The present book, The Sufi Lighthouse: Illuminating Spiritual Abuse, arises out of my experiences with a spiritual charlatan who called himself a Sufi shaykh or guide. Although a number of chapters within this book entail discussions which focus on themes that are steeped in the terminology of Islam, in general, and the Sufi Path in particular, much of this book is of relevance to anyone who is interested in, or struggling with, problems of spirituality and mysticism, irrespective of the particular tradition with which he or she may identify.

In addition, sometimes, it is easier to recognize a problem in one’s own life when one is, first, introduced to a given issue in a context which, initially, seems to be far removed from one’s everyday commitments and priorities. More specifically, while some of the chapters of The Sufi Lighthouse: Illiminating Spiritual Abuse have a specific Sufi/Islamic flavor to them, anyone who has an interest in spirituality will be able to feel a sense of resonance with the issues and problems which are being discussed in conjunction with the Sufi mystical tradition.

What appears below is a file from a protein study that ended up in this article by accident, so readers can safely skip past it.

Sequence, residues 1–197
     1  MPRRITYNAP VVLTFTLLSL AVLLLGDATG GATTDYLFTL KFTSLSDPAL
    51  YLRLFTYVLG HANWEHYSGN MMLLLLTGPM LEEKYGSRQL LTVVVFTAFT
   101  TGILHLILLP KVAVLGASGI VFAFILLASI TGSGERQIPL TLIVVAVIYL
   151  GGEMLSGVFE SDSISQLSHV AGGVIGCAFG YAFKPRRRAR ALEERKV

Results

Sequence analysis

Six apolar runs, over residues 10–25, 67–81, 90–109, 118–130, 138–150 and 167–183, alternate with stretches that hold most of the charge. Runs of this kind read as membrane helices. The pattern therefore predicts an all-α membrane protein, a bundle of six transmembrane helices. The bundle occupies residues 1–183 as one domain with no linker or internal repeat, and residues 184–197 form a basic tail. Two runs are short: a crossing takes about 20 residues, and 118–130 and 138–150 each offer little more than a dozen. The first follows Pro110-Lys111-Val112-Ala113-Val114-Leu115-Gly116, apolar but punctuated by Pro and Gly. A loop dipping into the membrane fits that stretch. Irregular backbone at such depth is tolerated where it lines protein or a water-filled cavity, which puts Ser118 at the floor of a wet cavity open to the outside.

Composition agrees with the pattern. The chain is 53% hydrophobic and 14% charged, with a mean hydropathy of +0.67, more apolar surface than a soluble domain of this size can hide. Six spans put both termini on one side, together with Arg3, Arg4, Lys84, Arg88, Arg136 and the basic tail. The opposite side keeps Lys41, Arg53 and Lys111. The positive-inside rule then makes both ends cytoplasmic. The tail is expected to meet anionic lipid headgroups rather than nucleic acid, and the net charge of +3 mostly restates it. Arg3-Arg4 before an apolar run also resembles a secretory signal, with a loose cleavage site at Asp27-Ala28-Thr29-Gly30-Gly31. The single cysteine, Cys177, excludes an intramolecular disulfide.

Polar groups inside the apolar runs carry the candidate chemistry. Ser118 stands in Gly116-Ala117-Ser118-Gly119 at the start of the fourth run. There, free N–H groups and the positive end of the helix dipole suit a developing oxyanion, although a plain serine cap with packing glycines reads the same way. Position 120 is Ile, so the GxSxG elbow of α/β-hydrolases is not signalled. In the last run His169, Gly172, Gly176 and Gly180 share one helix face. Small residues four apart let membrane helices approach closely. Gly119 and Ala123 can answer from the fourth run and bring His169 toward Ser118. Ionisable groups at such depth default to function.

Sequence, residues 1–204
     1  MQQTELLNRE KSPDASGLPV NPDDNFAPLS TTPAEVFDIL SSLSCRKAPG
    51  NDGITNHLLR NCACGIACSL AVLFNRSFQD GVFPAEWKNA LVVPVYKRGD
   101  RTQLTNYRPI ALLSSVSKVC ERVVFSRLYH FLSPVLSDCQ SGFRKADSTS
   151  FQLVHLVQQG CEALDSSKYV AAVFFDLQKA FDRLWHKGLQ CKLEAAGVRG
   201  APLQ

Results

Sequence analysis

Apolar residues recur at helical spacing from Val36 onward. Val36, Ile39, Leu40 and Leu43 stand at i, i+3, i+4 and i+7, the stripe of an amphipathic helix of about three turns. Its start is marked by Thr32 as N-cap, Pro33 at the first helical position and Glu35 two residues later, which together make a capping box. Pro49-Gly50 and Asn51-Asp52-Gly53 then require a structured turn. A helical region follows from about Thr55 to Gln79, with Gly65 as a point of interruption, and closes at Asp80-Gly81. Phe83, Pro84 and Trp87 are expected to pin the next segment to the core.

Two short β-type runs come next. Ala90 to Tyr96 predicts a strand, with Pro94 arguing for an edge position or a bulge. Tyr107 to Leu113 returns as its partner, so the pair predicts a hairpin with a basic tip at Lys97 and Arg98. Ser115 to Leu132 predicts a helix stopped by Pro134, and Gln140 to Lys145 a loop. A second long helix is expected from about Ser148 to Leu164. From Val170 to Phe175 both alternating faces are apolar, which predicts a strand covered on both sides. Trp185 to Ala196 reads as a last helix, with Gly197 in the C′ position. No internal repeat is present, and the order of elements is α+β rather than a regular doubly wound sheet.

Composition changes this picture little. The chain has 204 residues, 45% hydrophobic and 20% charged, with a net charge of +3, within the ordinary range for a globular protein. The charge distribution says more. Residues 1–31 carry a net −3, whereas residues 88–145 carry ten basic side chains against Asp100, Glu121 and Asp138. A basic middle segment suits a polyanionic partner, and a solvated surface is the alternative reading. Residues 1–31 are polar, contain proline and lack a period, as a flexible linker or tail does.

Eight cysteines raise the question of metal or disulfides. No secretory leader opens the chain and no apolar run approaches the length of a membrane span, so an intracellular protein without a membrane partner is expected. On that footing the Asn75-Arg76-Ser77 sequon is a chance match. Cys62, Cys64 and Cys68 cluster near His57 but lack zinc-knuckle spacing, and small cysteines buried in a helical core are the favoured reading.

Furthermore, there are many other chapters in The Sufi Lighthouse: Illuminating Spiritual Abuse which are written in a way that, hopefully, will provide a more universal appeal to readers who come from a non-Muslim, and/or non-Sufi background. In other words, these other chapters explore themes which have an applicability to a variety of spiritual traditions beyond that of Islam and the Sufi path.

There are many people within the Sufi/Muslim community who will give lip service to the idea that there have been and, probably, are some individuals who, in both the past and the present, have sought to pass themselves off as authentic spiritual guides, when, in truth, they were, or are, spiritual counterfeits. However, these same people who may be willing to give lip service to this issue tend to feel that it is unseemly and, somehow, inappropriate to suppose that this is issue is anything more than a marginal, incidental, isolated, and occasional problem.